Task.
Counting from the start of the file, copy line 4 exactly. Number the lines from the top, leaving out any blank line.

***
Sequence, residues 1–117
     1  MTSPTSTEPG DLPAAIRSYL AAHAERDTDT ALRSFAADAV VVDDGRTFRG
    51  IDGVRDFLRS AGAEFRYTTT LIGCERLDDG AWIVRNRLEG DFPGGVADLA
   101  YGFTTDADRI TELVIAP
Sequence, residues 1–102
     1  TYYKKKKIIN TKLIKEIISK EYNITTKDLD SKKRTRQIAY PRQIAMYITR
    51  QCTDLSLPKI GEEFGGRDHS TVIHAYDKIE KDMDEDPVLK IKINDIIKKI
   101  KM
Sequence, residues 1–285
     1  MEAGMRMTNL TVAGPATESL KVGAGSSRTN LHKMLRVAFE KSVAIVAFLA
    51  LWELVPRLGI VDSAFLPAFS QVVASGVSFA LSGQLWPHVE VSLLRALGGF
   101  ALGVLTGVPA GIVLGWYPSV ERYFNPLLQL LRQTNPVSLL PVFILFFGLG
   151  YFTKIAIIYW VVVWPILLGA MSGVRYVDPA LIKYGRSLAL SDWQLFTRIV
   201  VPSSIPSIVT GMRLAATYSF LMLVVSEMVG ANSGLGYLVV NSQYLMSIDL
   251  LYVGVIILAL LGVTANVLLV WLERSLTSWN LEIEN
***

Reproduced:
   101  YGFTTDADRI TELVIAP